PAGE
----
BitMicro has announced a flash memory-based solid state drive (SSD) with capacities ranging from 16GB to 1.6TB.
It is in 3.5-inch format and supports 4Gbit/s Fibre Channel connectivity, meaning that it could take on a core element of the hard disk drive market.
SSDs access data in microseconds, instead of the millliseconds needed by hard drives. The BitMicro E-Disk Altima 4GB FC delivers more than 55,000 IOPS and has a sustained data transfer rate over 230MB/sec. A fast hard drive for example will run at around 300 IOPS.
BitMicro says its storage capacity can be up to 1.6TB. The company website says it can reach the maximum capacity of 640GB in 1-inch. Therefore, two and a half such 1-inch units would be needed to achieve a 1.6TB capacity; in other words three 3.5-inch form factor drives joined together.
The company has developed two ASICs (application-specific integrated circuits) to boost SSD performance. The Enhanced Datamover and Storage Accelerator (EDSA) flash I/O controller supports large blocks of flash enabling capacities to rise to the terabyte level.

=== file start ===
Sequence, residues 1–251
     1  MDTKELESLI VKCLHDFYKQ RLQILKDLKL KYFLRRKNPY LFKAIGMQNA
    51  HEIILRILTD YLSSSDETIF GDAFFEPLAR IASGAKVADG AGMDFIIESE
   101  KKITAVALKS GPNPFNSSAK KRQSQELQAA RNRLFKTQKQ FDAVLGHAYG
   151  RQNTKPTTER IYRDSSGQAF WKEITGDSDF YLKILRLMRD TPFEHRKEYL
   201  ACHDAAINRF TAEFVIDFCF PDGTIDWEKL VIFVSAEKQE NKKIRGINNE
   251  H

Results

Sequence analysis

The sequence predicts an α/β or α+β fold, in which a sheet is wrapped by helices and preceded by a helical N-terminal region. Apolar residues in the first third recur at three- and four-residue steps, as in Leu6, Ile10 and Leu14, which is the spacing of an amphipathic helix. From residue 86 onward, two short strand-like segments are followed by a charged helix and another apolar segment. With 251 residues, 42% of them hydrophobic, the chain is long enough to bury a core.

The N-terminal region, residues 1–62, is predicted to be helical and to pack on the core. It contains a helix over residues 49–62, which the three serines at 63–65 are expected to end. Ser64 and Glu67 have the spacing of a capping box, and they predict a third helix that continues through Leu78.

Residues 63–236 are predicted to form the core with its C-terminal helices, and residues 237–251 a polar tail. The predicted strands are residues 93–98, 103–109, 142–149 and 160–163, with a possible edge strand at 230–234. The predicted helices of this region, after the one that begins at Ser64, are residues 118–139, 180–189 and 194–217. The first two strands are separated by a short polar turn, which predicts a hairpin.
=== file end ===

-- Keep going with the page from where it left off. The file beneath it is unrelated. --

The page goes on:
EDSA works with the Logical Unifier of Extensive Transfer Arrays (LUNETA) ASIC, an interface controller designed to orchestrate massively parallel and multi-block I/O operations on large arrays of flash devices.
Competing products include TMS' RamSan 500, a flash SSD with a DRAM cache. It achieves up to 400,000 IOPS. Attorn's HyperDrive 4 is a DRAM-based SSD that runs at 44,000 IOPS. Theoretically DRAM should be faster than flash, but BitMicro's ASICS have made flash faster.
Jeff Janukowicz, SSD research manager at IDC, said: "Some segments of the enterprise storage market require very high performance and reliability. Increasingly, data centers will look to SSDs to satisfy these requirements. IDC expects worldwide enterprise SSD revenues to grow by 76 percent annually from 2006 to 2011."
Sampling for the Altima 4GB FC SSD is expected to begin in Q1 2008 with volumes shipping in Q2 2008. No pricing information was released.
It is suggested by some industry sources, such as FSC's chief technology officer, Joseph Reger, that products such as this could cause significant data center adoption of SSDs by 2010.